Extraordinary and everyday utopias: shaping shared futures – 11 July 2019
On 11 July 2019 at the Grand Parade campus, the University of Brighton’s Creative Futures theme hosted a one-day symposium based around visions of a utopian future.
The event was entitled ‘Extraordinary and Everyday Utopias: Shaping Shared Futures’ and was co-organised by Dr Jessica Moriarty, Course Leader for Creative Writing BA and MA, and Dr Matthew Adams, Principal Lecturer in the School of Applied Social Science.
The fully-booked symposium brought together academics, students, writers, artists and practitioners from across the world, exploring in various ways how we can imagine better futures. The day was structured around two keynote presentations, and parallel streams incorporating a range of academic and artistic responses to the symposium themes in the morning and afternoon. Speakers included Sohaila Abdulali, activist and author of What We Talk About When We Talk About Rape; Sophie Lewis, feminist activist and author of Full Surrogacy Nowand Miguel Amortegui, photographer, social commentator and author of Voices of the Jungle.
Dr Moriarty and Dr Adams said: “The day was a great success, exceeding our expectations in terms of the variety of ideas, the impact of the keynote talks, the passion of our presenters, and the liveliness of the conversations. It was a privilege to be able to share a space for engaging with progressive and utopian ideas with our contributors and an engaged audience”.
Murmuration Arts were commissioned to observe, and participate in the day, capturing key themes, before closing the day with an interactive performance which documented and represented those themes back to participants. View a film of their interpretation of some of themes, which formed part of their response.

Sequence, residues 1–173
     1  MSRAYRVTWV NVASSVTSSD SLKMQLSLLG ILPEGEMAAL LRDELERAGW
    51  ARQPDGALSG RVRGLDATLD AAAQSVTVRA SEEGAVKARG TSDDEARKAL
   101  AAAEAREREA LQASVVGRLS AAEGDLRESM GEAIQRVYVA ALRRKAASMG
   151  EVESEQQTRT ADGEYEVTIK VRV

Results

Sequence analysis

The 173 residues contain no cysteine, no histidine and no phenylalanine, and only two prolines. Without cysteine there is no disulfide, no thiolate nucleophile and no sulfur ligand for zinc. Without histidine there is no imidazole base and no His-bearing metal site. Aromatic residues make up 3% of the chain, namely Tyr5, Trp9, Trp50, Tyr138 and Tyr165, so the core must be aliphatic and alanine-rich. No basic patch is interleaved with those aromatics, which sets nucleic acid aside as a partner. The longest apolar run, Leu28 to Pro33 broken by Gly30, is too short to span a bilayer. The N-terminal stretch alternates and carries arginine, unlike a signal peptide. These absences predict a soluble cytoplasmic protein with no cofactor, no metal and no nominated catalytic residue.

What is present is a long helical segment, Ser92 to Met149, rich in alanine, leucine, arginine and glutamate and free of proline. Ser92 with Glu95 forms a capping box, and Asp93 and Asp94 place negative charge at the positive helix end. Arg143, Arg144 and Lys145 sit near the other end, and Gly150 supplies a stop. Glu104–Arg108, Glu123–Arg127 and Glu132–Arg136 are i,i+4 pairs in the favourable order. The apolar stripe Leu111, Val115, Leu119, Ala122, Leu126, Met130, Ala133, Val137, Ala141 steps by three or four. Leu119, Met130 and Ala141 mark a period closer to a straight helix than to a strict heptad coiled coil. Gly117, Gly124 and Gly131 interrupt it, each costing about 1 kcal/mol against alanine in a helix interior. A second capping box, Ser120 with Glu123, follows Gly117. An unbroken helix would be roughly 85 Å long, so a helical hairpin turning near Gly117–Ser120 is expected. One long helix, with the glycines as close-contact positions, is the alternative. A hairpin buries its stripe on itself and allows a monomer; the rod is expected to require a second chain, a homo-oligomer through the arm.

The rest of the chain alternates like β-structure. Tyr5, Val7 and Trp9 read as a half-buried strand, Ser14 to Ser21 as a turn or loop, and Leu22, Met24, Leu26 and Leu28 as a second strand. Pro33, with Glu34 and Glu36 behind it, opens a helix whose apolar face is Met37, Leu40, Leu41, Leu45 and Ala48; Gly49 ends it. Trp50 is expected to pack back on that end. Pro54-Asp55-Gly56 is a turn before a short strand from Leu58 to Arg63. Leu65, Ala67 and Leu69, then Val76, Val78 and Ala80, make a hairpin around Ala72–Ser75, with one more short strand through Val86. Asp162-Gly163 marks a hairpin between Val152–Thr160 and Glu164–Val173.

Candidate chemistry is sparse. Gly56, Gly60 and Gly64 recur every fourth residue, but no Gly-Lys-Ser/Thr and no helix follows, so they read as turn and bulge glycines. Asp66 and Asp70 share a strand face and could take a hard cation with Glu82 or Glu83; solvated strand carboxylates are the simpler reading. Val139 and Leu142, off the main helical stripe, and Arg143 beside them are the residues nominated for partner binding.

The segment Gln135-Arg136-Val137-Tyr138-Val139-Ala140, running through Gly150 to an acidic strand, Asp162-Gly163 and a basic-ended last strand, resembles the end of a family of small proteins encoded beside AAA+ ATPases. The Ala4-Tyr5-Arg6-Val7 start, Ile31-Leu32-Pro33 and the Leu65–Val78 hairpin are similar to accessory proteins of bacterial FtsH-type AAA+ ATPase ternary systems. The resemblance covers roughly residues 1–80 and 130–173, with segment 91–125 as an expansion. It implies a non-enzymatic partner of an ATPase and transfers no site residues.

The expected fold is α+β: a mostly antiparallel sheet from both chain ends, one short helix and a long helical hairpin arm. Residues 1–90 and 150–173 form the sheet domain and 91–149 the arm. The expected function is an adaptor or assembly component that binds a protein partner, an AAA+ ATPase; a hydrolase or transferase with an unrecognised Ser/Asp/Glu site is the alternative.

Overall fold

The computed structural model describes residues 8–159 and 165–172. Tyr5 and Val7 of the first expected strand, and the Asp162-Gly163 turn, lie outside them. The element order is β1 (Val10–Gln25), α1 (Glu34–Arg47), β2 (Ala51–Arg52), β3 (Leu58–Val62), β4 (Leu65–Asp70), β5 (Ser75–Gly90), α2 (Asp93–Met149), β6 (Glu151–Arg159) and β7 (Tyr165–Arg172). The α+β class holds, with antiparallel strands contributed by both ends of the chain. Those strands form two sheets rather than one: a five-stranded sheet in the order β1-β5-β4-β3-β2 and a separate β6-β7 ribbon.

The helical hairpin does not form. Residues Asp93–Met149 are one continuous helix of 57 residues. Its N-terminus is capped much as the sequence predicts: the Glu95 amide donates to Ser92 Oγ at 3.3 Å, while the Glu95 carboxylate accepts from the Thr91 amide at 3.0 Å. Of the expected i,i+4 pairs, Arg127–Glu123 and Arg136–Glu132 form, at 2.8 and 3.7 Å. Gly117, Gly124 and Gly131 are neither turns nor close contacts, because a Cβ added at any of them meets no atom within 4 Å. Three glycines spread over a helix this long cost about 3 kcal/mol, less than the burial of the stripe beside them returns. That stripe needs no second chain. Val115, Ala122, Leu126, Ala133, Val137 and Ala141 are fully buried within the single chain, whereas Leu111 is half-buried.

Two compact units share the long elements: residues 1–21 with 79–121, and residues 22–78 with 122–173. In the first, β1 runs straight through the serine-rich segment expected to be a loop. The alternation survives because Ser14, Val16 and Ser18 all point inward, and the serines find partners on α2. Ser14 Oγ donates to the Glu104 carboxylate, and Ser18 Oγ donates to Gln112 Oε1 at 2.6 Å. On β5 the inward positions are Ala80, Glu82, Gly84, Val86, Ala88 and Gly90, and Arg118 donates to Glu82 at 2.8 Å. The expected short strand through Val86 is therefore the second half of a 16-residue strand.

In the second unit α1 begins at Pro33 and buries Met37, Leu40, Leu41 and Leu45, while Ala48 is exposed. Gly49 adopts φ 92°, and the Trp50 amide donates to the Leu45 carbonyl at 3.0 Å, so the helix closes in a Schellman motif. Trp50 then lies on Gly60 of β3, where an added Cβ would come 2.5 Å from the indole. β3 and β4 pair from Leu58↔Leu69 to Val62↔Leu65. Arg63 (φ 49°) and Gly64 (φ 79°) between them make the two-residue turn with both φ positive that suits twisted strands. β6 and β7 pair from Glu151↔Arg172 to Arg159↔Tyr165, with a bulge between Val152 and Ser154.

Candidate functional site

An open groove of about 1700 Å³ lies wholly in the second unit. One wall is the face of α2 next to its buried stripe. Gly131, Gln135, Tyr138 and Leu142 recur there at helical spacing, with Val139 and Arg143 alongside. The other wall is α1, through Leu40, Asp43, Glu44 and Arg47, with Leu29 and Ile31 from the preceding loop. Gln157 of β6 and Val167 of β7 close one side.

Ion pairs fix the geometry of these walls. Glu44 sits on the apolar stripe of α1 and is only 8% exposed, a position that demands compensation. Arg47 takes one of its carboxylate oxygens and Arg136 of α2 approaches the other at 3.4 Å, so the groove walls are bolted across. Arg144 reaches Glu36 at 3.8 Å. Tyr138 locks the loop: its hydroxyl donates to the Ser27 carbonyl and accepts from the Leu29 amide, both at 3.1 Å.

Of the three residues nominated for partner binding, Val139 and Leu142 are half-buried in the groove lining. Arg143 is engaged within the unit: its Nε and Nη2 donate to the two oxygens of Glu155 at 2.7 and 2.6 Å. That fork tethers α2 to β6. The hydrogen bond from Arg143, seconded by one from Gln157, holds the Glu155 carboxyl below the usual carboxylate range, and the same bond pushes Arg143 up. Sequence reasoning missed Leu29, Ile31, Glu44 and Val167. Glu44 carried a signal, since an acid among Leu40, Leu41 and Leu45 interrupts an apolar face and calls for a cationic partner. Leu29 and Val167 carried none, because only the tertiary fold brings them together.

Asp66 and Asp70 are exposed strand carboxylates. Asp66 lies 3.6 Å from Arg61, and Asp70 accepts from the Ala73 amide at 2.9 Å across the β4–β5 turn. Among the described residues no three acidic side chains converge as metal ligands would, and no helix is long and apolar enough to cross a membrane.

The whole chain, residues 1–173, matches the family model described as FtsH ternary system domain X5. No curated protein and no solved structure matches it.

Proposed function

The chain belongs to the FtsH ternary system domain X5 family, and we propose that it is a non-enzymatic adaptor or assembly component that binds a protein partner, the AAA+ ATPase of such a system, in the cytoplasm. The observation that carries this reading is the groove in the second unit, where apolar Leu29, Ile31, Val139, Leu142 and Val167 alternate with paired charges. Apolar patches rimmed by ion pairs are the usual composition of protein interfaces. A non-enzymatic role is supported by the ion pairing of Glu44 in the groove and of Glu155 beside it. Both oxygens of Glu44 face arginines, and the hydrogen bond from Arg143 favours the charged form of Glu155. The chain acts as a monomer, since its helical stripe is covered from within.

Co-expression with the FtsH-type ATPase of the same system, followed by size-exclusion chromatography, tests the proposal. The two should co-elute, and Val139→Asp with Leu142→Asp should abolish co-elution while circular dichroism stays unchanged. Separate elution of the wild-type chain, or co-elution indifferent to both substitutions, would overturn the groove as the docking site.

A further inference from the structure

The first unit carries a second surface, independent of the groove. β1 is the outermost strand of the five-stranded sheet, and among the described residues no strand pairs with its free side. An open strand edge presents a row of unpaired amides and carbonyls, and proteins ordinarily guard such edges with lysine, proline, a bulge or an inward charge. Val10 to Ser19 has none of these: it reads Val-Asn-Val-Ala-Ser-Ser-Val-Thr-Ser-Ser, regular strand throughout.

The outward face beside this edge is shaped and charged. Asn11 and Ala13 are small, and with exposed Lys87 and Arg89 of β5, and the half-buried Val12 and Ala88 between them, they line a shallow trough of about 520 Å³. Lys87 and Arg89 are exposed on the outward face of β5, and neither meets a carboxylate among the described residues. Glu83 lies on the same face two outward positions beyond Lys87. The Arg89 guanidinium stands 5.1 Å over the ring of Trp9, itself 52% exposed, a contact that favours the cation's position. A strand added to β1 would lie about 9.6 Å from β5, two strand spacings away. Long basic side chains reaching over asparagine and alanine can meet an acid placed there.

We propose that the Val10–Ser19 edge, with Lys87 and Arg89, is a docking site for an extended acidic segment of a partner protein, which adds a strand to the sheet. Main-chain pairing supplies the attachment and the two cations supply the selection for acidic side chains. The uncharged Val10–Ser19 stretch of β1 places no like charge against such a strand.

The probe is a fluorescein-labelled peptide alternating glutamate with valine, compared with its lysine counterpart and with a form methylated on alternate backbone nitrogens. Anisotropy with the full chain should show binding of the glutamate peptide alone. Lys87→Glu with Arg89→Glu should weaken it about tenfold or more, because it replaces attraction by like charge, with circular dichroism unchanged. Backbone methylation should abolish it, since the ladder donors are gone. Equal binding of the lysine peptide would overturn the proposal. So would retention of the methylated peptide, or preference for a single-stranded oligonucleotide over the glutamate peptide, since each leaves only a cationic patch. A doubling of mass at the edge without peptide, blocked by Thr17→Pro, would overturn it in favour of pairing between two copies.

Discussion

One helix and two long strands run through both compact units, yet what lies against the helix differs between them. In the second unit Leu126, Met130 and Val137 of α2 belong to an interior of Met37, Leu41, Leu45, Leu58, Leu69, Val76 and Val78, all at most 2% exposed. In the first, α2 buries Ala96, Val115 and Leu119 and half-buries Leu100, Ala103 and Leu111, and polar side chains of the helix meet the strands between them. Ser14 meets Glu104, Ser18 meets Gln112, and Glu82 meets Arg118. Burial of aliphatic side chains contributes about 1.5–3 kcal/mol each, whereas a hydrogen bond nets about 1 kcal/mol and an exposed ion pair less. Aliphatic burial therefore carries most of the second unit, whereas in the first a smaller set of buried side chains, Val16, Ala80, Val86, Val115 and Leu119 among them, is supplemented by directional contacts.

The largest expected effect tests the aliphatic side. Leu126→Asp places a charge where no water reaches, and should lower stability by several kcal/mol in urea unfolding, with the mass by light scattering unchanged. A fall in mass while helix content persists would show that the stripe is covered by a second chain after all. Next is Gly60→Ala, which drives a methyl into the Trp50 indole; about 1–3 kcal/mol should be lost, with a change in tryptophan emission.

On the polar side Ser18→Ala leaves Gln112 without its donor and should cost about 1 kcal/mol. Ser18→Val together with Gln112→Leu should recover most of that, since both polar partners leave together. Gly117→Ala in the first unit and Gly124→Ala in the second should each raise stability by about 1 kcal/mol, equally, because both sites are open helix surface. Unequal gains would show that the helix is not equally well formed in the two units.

The symposium included a Q & A with a Routledge commissioning editor, who are keen to publish an edited collection based on the symposium contributions. Dr Adams and Dr Moriarty will be seeking funding for a further event in 2019-20, smaller in scale, to bring together potential contributors to the book. As the book will involve ECRs as well as established researchers, the event will be important for fostering a supportive environment, maintaining momentum, generating a coherent narrative for the project, and establishing networks for further collaboration.
Matt and Jess would like to thank University of Brighton’s Creative Futures for supporting the symposium, particularly Stuart Hedley and Lucy Cooke for their assistance; and members of the University’s Centre for Spatial, Environmental & Cultural Politics (SECP) for their involvement.